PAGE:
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Books that Mattered in 2013: Extraordinary Books by Women

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The last 12 months were crammed with great and celebrated books. The Flamethrowers. Men We Reaped. The Goldfinch. Life After Life. Vampires in the Lemon Grove. The Interestings. Lean In. MaddAddam. Book of Ages: The Life and Opinions of Jane Franklin. Booker prize winner The Luminaries. Flannery O’Connor’s Prayer Journal. Tampa. Night Film. Bough Down. The Lowland. Speedboat. The Woman Upstairs. The Love Affairs of Nathaniel P. The Bully Pulpit: Theodore Roose­velt, William Howard Taft, and the Golden Age of Journalism.  

If you’re not too busy trying to read them all, you might want to go see the adaptation of Catching Fire in the theater. While you’re out, you may also feel the urge to pick up some Alice Munro following her well-deserved Nobel Prize in Literature.

Then, if you get a chance, you might see if any of the books written by men in 2013 are worth reading.

As we suspected back in August, 2013 was the Year of Women. This year, offerings from Thomas Pynchon, Dave Eggers (both of whom, FYI, wrote books with female protagonists), and even the darling George Saunders we’re overshadowed by the excitement around The Luminaries, by 28-year-old Elanor Catton, or The Flamethrowers, the second novel from Rachel Kushner. Allie Brosh had ’em laughing, and dressing up in costume, at readings of Hyperbole and a Half around the country, and Joyce Carol Oates’ annual novel The Accursed was said by many to be one of her best, or at least one of her strangest. The trend was so strong that J.K. Rowling tried to release The Cuckoo’s Calling under a man’s name, only to be swiftly revealed as her true female self.

Strangely, no one seems to have much noticed The Year of Women, or wagered a guess as to why so much of the interesting and ambitious writing of the past year came from women. We welcome your ideas, but for now we’ll go ahead and take this as a good sign. The books above were never labeled or categorized as “great women’s books” — they’re just great books that people loved. It’s the best rebuke to all the Sad Literary Men and Great Male Narcissists since, well, Adelle Waldman’s The Love Affairs of Nathaniel P., and has made for an extraordinary year of reading.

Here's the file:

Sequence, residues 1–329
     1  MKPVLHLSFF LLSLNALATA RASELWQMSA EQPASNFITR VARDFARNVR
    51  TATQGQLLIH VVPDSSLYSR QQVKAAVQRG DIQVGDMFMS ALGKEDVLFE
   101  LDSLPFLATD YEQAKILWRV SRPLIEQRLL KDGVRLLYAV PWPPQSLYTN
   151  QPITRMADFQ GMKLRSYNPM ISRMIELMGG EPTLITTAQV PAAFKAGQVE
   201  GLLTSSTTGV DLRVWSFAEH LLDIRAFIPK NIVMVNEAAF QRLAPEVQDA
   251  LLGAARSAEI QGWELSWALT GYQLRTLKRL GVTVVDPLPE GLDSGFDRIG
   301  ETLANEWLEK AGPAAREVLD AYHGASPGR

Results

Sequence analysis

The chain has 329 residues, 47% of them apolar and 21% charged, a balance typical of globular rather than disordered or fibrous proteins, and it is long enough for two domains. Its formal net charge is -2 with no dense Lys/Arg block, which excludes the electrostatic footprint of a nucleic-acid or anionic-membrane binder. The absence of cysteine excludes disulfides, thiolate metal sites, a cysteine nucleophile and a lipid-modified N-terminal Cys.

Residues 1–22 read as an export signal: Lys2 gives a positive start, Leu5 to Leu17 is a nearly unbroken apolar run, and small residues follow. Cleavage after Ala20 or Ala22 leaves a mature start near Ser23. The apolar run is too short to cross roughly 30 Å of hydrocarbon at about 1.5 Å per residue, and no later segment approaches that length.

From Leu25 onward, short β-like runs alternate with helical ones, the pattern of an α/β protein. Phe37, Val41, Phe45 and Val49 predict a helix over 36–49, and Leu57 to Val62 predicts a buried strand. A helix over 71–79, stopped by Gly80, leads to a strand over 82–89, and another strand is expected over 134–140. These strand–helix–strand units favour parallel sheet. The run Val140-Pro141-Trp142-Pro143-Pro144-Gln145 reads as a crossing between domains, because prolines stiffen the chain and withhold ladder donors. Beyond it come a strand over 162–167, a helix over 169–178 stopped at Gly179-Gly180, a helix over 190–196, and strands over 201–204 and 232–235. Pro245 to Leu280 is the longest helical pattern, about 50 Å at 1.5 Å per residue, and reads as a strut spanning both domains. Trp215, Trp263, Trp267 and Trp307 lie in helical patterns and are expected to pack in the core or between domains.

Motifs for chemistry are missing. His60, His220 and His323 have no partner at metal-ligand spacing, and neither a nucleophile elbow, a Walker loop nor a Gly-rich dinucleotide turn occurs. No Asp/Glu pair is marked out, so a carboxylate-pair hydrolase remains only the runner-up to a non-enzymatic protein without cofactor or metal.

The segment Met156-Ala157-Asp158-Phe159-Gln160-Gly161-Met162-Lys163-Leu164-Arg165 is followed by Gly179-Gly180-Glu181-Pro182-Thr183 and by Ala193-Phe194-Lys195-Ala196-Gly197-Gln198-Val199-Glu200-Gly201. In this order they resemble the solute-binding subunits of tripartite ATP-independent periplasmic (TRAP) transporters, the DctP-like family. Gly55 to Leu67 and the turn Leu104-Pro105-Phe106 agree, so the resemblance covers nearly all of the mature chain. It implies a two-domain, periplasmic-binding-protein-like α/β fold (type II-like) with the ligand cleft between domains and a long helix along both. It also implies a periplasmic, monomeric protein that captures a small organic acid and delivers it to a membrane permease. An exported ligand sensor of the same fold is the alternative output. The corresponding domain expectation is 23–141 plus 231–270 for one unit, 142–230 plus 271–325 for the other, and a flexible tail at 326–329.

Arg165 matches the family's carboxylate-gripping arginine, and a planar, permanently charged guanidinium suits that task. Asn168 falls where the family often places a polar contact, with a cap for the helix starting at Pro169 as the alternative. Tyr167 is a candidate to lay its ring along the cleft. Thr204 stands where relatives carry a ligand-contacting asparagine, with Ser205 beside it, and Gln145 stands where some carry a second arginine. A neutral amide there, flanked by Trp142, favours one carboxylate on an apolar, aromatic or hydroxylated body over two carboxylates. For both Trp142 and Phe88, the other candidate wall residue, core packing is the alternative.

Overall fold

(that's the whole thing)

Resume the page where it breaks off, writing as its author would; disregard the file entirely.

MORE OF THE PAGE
See other Books that Mattered in 2013.

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5 Amazing Books to Give (and Receive) for the Holidays

Jingle All the Way

Time is running out. The big box stores have been looted. Shopping malls lie in ashes. But a little shop on the corner is still open. Warm light pours from the windows. It’s your friendly neighborhood bookstore! The holidays are saved!


Where You AreWhere You Are: A Collection of Maps That Will Leave You Feeling Completely Lost

Easily our favorite gift of 2013, this boxed set of 16 original works by the likes of Geoff Dyer, Sheila Heti, and Tao Lin is like a towering stack of beautifully wrapped presents flattened into one. Each piece folds out to become a sprawling map, or flips open to reveal artwork and essays. Dyer’s piece, for instance, is a huge Google map of his hometown in England, annotated with an elaborate legend that explains the autobiographical significance of specific places. Where You Are amounts to an elegant theory of mapping. The world is daunting, so we organize it on the page, and the result is… not a solution, exactly, but a better place to get lost in.


JezebelThe Book of Jezebel: An Illustrated Encyclopedia of Lady Things

The writers at Jezebel have one of the most bawdy, intelligent, and entertaining voices on the Internet. Here they assemble their favorite jabs and profoundest wisdom in a fully illustrated encyclopedia. Entries like Page, Bettie (1923-2008) are incisive mini-essays that flaunt their coolness while updating feminism for the millennial set. The entry for nachos simply reads “Yes, please.”


The Wes Anderson CollectionThe Wes Anderson Collection by Matt Zoller Seitz

If you don’t like Wes Anderson, we can still be friends. But you’re wrong and you should go away now. For those of us who can’t get enough of the sumptuous worlds that Wes Anderson creates, Matt Zoller Seitz has put together a big, glossy tribute, replete with stills, behind-the-scenes photos, a touching introduction by Michael Chabon, and interviews with Wes himself. Anderson is an elusive dude. While Seitz is gushing over the films, Anderson seems to escape out a back door.


JessJess: O! Tricky Cad and Other Jessoterica by Jess

Born in 1923, Jess was a pioneer of collage art. His visual mash-ups of old magazine ads, Dick Tracy cartoons, and obscure diagrams are as subtle, bizarre, and funny as anything that’s come since. This book includes several unpublished works, an extra 20-page facsimile booklet, and a fold-out dust jacket.


S.S. by J. J. Abrams and Doug Dorst

We don’t know if it’s pleasurable—or even possible—to actually read this book, but it sure is a dandy object to flip through. J. J. Abrams seems to think he invented the idea of constructing a novel out of notes and marginalia (evidently nobody told him about Pale Fire, House of Leaves, Griffin and Sabine, etc.) but he does a fine job of marshalling Little, Brown’s designers to carry out his vision. S. is the story of two young scholars who fall in love by trading notes in the margins of a novel within the… whatever. The postcards and handwritten scraps are fun to explore, and it’ll look great on your shelf.

– Brian Hurley

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